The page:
I think this sexiness derives from the fact that Ambrox can give perfumes the strange property of smelling stronger at a distance than close up, Typically, this annoys me; it takes all the pleasure out of delicate notes and lovely florals, scattering their scent into millions of little bits, so that I feel like I'm constantly straining to smell what I'm wearing, and can't quite assimilate what I can smell into a pleasing whole; I'm sure someone at 2-5 feet away might be getting the entire story, but as the wearer I don't see the point. Ambre Gris has that same diffuse quality, but it uses spices and resins instead of flowers with the Ambrox base, and the result gives off a lovely vibe that reminds me of that delicious waft you get when you first open the kitchen spice cabinet--without (not to belabor the point) smelling like food.
Also, Ambre Gris doesn't require its Ambrox to carry a complex structure (unlike, say, Juliette Has a Gun's Lady Vengeance, wherein a rose chypre accord is blown to pieces, robbing it of a chypre's structural coherence and complexity. (I know you could say that's deconstruction or whatever--I still think it's not for me)). Its composition is simple enough that there's no harm done if you catch only fragments of it in the air. And here is where the sexiness comes in, because those fragments are comprised of the lovely myrrh/benzoin duo, rendered just elusive enough that they ask whomever catches their scent to lean closer. Or, if you're wearing it, it's like walking in an airy suspension of gentle incense notes combined with the best bits of salted caramel and a touch of antique dresser drawer. The sense of spaciousness obviates the cloying quality that sweet notes can take on and the clunkiness that wooden notes can emanate. It also prevents the usual boredom that those notes can engender, at least for me. I don't need to smell Ambre Gris top-to-tail to enjoy it.
As I said earlier, I know this stuff isn't perfect. Its opening can be a bit harsh and sometimes smells a little too much like industrial product. With its simple structure and powerful components, its faults magnify easily; overspray Ambre Gris even just a little, and the cold-concrete scent of Cashmeran emerges like a Stalin-era apartment block in the middle of your groovy little post-modern futuristic head shop of a perfume. There's not much development once the opening notes dissipate. And, as pleasant as the main accord is, there's no denying the artificial nature of its components.
And it lasts. And lasts. Ambre Gris is very tenacious; in fact, it is really more enjoyable on the second day, after the aromachems have lost some of their aggressive punch. It works particularly well caught on sweaters and scarves. It also makes a remarkably nice layering scent, adding a gauzy curtain of warmth that can turn a daytime scent into something nice for evenings. It is particularly pleasant to smell on someone else. I sometimes sneak a spritz onto my husband's favorite black cashmere sweater, because I enjoy how the drydown smells when he comes back home from work. (Really, I think Balmain did themselves a disservice in its gender designation, because Ambre Gris smells fantastic on men).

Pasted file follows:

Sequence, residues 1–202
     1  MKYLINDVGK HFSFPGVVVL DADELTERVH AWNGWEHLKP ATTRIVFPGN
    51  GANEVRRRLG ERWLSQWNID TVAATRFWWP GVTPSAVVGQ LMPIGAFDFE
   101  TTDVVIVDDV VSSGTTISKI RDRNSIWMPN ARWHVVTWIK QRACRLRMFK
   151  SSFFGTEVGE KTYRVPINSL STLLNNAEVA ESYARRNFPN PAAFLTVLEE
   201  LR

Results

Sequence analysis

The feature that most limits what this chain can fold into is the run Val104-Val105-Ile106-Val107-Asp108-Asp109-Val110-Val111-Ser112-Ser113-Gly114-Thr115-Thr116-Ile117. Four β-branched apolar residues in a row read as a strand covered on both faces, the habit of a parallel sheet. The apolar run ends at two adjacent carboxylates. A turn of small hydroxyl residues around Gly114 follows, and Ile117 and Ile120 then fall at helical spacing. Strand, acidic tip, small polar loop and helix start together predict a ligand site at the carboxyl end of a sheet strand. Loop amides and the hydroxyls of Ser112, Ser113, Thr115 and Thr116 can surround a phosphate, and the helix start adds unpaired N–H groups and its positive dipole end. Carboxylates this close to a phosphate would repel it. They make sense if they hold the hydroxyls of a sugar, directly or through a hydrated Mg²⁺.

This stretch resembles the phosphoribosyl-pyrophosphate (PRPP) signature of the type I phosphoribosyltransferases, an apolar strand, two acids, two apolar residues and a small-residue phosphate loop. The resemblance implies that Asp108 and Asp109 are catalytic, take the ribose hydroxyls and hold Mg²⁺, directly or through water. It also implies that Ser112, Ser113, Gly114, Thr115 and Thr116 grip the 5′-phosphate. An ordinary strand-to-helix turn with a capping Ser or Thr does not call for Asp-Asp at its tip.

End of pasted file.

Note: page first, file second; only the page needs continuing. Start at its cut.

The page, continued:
Sutible for any setting, any weather (I can wear this outside in Texas summer on the days when I can't face another white floral) and easily available for less than 40 bucks, this perfume is worth a sniff if you haven't tried it yet. And the bottle is nice enough to make an appropriate gift. If you're considering shelling out over 100 dollars for Molecule 2 or Not a Perfume, or a lot more than that not Baccarat Rouge, spend a little time with this first.
I too was enticed by the listed notes and after two separate tastings (yes, tastings, because this is so sweet I can taste it) I decided that they just aren't all detectable by my nose. Before I read the other reviews I thought maybe it was my amateur nose. Guess not.
I get a TON of sweet synthetic vanilla, and the slightly naughty sweet tanginess of benzoin. Pink peppercorns are there too, but the bouquet garni must have been prematurely removed from the soup. Watered down white musk too.
I was hoping for the kind of feminine perfume that I (a guy) could pull off, but this isn't it.
Glad my sample was free.
What a disappointment Ambre Gris turned out to be! I was really looking forward to trying it: from descriptions I had read, I had been expecting a very potent spicy vanilla fragrance, but instead found it to be an extremely boring vanilla one. On my skin it smells identical to Givenchy's Pi - nothing more I can really add to that. Such a shame when Balmain have brought out "could be anything" fragrances like this, when they have discontinued several very distinguished ones in recent years, such as the original Ivoire